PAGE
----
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She spoke at every staff meeting, making her points at length, asking questions that seemed to slow the process down. Folks rolled their eyes and exchanged knowing looks. She was at it again…

This individual was considered a low performer, or at least someone who only performed in a narrow area of expertise. She rarely proposed solutions and yet complained about problems—real or, some thought, imagined. She was desperate to make a difference and prove her worth, but her chances seemed low. She had been set aside, put on a shelf; no one was listening to her voice anymore, and the more she was ignored, the more irritating her complaints seemed to become.

And she wasn’t the only misfit on the shelf. The division, plagued by low morale and weak employee engagement, included others who had been set aside because of their behaviour and attitude.

In a last-ditch effort to improve the culture of the division, a grassroots group was set up—the Improvement Group. Many of the set-aside folks volunteered for the group, or were voluntold to join it.

Reintegration can pay off

Despite initial misgivings and cynicism, the Improvement Group set to work. They established their terms of reference and sank their teeth into research and analysis. They asked, what were the root causes of low morale and engagement? What could be learned from past experiences? What small, implementable solutions might address these problems? What could be built on and amplified, what could be stopped, started, changed, or continued?

Soon the Improvement Group was firing off emails and holding lively meetings. Ideas came bubbling to the surface. The group also spread the word to their co-workers. No one was indifferent to what the group was up to next. For the first time in a long time, the misfits were being heard, and the more they were heard, the more constructive their ideas became.

The meetings continued, followed by surveys and discussion groups. Presentations were made to different levels of management to prepare for a town hall. The division started to look to group members to support the way forward. They were brought into staff meetings. It had taken only six months to reengage the disengaged. They were productive team members once more, and it wasn’t just their experience that had improved—the work they were doing had made the workplace better for everyone, even those who’d previously rolled their eyes over the misfits.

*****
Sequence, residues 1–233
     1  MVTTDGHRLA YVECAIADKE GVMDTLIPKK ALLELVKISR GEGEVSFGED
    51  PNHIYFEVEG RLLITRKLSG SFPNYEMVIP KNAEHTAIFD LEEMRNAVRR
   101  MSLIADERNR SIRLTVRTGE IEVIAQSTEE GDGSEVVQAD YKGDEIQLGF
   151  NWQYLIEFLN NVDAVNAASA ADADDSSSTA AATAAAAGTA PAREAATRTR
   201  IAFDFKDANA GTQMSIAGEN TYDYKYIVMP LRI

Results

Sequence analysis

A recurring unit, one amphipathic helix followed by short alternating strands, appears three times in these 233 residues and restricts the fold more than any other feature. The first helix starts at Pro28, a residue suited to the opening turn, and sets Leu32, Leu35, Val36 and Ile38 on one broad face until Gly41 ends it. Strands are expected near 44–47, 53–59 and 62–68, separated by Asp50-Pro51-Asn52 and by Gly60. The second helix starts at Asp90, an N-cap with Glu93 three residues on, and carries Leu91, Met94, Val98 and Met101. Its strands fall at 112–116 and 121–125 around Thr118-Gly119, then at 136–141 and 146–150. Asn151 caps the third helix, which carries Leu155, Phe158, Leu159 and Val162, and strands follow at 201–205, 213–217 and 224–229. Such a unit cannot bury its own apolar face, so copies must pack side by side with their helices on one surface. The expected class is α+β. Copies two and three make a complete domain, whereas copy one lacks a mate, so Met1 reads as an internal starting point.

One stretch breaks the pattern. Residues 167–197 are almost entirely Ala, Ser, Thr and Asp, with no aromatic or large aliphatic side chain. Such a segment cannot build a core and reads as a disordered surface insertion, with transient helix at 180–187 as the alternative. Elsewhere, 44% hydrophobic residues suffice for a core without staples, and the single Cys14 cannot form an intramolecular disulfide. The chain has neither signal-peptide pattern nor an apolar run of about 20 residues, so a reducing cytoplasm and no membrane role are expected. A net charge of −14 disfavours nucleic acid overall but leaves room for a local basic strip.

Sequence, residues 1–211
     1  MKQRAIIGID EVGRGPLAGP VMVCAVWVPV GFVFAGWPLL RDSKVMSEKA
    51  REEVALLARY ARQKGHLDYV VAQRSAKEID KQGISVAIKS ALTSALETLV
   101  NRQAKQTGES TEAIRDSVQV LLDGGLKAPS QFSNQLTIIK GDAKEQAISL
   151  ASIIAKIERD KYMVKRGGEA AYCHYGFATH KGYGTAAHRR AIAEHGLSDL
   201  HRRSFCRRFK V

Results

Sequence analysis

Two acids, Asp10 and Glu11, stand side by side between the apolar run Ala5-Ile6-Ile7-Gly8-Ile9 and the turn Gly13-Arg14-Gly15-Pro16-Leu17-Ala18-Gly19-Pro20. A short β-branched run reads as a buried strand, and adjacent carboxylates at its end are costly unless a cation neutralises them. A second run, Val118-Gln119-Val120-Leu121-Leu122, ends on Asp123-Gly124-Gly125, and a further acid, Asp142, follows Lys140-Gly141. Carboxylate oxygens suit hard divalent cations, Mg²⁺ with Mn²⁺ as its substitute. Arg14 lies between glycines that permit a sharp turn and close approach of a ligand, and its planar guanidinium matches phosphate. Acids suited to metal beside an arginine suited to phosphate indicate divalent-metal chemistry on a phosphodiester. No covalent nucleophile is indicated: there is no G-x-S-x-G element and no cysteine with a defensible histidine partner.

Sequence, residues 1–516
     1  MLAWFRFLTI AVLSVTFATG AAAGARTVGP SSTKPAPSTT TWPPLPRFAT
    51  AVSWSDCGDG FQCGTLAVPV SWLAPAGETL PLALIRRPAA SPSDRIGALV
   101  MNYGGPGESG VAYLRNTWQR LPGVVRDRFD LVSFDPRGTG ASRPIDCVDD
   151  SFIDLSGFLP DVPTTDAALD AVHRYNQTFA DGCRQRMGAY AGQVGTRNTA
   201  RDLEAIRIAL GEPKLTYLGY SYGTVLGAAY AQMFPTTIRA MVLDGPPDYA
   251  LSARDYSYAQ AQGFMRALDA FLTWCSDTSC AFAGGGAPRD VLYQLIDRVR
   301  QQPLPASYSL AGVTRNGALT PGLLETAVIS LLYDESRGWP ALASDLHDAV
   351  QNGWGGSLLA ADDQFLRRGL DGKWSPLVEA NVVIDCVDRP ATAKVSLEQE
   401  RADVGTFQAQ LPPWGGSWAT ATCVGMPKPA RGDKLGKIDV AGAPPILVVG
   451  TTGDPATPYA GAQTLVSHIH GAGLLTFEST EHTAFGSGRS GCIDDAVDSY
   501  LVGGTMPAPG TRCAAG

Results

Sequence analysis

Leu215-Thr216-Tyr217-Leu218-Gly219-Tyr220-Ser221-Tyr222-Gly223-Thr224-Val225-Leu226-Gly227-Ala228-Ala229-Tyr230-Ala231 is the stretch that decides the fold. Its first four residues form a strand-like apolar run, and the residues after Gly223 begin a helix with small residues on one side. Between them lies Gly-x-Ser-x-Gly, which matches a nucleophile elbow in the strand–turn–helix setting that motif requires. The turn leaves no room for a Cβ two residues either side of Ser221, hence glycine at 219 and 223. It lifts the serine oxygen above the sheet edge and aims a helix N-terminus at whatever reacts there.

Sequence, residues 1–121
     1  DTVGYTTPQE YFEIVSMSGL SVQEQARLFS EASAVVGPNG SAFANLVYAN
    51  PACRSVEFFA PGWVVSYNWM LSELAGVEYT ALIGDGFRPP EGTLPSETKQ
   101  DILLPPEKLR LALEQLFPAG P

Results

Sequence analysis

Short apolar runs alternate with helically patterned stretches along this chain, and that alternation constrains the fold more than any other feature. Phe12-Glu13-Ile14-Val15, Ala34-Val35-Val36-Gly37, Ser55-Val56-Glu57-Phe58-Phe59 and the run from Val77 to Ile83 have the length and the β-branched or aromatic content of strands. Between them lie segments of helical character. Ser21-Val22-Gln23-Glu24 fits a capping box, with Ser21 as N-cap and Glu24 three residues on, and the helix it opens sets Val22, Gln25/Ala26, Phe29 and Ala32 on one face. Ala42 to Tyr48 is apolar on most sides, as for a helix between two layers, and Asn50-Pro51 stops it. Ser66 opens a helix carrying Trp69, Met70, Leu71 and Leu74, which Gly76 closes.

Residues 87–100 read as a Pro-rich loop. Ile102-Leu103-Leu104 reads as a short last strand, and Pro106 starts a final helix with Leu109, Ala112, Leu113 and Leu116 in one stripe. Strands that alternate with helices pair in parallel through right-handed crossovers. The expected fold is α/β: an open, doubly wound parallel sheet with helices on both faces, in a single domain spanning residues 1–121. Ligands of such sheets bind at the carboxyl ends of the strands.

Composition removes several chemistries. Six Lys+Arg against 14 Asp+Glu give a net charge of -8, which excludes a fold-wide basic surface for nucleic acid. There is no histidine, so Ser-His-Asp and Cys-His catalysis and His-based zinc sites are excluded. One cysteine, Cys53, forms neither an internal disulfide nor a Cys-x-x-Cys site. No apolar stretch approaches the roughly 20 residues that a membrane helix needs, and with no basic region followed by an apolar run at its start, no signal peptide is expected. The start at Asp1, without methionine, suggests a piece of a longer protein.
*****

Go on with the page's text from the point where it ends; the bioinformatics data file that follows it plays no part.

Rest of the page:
Breaking the misfit cycle

The more people are ignored, the more bitter or useless they feel, and the less useful they are at work. It’s a cycle that feeds itself. The initially slightly annoying misfit is ignored, so her complaints become louder, so she’s ignored more, so she becomes less and less a part of the team. It can take down entire groups, leaving everyone feeling frustrated and impotent.

How do we break down what happened so we can duplicate this Division’s shift?

  1. Get the misfits involved and ask them to deliver on their promise of changing the status quo. Look at establishing a structure: Terms of reference, schedules, deadlines.
  2. Allow voices of opposition, concern, and challenge to be heard by giving them a channel—in this case, a grassroots group.
  3. Make sure the group has visibility and that progress is expected and will be supported. Help them shine by assigning the resources they need to innovate and experiment. Assign a management champion to facilitate their work.
  4. Provide a forum for the group to present their work to management and then to staff at large. This is part of the engagement and management of change.
  5. Follow up on their ideas, starting with the easiest to implement.
  6. Recognize what has been achieved as an organization with the help of the group, at every opportunity.
  7. Never stop, even if progress is slow.
  8. Start the next group!

We all want to feel vital and heard at our workplace, and by providing people space to make tangible changes, you keep your workers engaged and excited, which in itself makes the workplace better—aside from whatever changes are implemented! It’s truly a win-win situation.

Have you experienced a positive transformation in your work culture? What strategies have you found to help in such a process? Have you seen misfits find their way off the shelf and become productive members of your team? Have you yourself been a misfit? I would love to hear your thoughts!